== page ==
To be sure, Washington could easily reverse its policy on arms sales to Nigeria even though the human rights situation has not changed. Yet it can’t stop the insurgents from purchasing even more sophisticated weapons from other sources or buying U.S. supplied weapons from corrupt military officials. It would also be a mistake for Buhari to espouse a U.S.-style war on terrorism, which prioritizes counterterrorism efforts over civil liberties. Given Nigeria’s porous security system and corrupt security personnel and police, a counterterrorism measure fashioned after Washington’s template could further destabilize the country. Unlike the United States, which has a robust security apparatus, Nigerians can’t afford to live in a perpetual state of fear.
Ultimately, Buhari must leverage the prevailing international goodwill and media exposure to devise a Nigerian solution to fight terrorism, instead of looking for help from donors such as the United States. The Boko Haram insurgency is a political creation and any measure to eliminate the group must consider the forces of inequality, representation, youth unemployment and corruption. Buhari must act fast to narrow the country’s gap between rich and poor. Nigeria’s growing poverty and inequality offers a fertile recruitment environment for Boko Haram. Indeed, the group has been successful in exploiting the gaps in governance across northeast Nigeria to lure desperate and disfranchised recruits by promising better services and security conditions than what the state provides.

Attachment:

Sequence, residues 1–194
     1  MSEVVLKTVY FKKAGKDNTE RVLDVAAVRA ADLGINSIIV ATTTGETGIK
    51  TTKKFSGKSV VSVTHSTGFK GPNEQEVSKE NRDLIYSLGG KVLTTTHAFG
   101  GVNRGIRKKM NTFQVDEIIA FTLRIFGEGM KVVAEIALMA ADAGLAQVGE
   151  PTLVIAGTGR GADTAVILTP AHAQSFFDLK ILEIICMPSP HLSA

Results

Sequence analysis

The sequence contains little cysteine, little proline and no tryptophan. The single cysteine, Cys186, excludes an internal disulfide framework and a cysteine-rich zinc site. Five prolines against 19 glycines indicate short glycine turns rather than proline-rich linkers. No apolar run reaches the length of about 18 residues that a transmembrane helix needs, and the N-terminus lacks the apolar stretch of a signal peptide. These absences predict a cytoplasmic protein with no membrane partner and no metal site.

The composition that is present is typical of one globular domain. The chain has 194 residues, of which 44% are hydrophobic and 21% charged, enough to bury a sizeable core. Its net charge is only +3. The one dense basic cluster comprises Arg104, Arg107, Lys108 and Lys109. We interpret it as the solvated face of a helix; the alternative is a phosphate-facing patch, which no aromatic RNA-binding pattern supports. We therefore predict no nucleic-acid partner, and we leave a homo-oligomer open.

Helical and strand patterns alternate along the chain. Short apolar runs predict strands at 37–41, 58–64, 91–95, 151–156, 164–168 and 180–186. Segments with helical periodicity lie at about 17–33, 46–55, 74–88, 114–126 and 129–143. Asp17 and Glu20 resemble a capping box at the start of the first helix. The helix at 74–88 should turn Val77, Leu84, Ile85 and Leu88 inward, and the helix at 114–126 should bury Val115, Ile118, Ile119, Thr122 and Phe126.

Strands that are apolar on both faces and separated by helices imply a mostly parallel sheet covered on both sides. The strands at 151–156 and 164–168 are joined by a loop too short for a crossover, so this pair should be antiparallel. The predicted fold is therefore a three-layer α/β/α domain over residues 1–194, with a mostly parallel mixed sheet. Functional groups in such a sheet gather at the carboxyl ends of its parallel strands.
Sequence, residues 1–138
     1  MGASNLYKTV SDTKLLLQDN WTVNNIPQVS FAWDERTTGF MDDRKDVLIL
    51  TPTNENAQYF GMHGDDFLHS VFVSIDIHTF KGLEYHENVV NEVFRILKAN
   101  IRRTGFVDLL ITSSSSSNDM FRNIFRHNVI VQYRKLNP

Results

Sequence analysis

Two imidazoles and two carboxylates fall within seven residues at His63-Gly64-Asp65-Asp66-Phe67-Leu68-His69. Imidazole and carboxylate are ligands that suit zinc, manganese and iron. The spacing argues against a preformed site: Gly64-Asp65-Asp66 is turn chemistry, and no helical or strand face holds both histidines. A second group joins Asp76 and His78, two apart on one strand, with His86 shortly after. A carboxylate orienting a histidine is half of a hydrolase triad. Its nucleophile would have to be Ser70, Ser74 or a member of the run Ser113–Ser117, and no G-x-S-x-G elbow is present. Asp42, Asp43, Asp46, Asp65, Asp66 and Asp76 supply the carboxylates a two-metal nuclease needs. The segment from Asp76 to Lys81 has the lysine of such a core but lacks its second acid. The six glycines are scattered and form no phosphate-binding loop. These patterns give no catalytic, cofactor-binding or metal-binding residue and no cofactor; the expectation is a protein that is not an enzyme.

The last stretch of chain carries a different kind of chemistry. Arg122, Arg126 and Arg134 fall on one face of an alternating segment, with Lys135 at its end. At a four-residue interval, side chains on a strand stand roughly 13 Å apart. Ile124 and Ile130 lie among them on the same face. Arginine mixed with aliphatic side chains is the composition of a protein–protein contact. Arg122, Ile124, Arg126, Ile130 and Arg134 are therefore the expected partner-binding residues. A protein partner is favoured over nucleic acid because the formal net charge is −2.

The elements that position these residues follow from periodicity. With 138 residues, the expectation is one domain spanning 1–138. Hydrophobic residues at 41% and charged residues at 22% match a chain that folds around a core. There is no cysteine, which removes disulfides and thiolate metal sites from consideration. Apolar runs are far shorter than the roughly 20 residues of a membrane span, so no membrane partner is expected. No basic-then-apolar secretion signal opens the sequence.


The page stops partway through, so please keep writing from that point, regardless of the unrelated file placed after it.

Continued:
But there are other areas where Buhari could use Washington’s assistance. For example, Nigeria could benefit from U.S. support in recovering funds stolen from the country’s treasury by Nigerian politicians living in the United States. During his brief tenure as Nigeria’s head of state in the early 1980’s, Buhari’s administration attempted to kidnap Umaru Dikko, the erstwhile transport minister from his home in London for allegedly stealing $1 billion from Nigeria’s coffers. While the effort failed, it underlined Buhari’s zeal to fight corruption and indiscipline.
Three decades on, Nigeria is yet to recover billions of dollars illegally siphoned off to U.S. banks and businesses. Buhari should ask the U.S. Justice Department to help track these funds. If DOJ’s recent indictment against officials of the Federation of International Football Association is any guide, the U.S. could easily catch Nigerians in the United States, who have enriched themselves using an ill-gotten wealth.
Finally, Obama should treat Buhari with the same level of respect and courtesy extended to other world leaders. At the conclusion of their meeting, the two leaders should hold a joint press conference, instead of just photo-ops to make good on Obama’s pledge to treat Nigeria as an equal partner. Last year, when Obama hosted African leaders during the first U.S.-Africa Leaders Summit in Washington, D.C., he held a press conference without a single African leader by his side. In a telling of the disregard for Africa, of all six questions fielded by White House correspondents, only one made reference to Africa. None addressed the summit.
As Obama hosts the leader of Africa’s most populous nation and largest economy, his handlers should avoid repeating that blunder. Nigeria has turned the corner with its recent election and peaceful transfer of power. It is Obama’s turn to demonstrate his administration’s commitment to strengthening African democracy.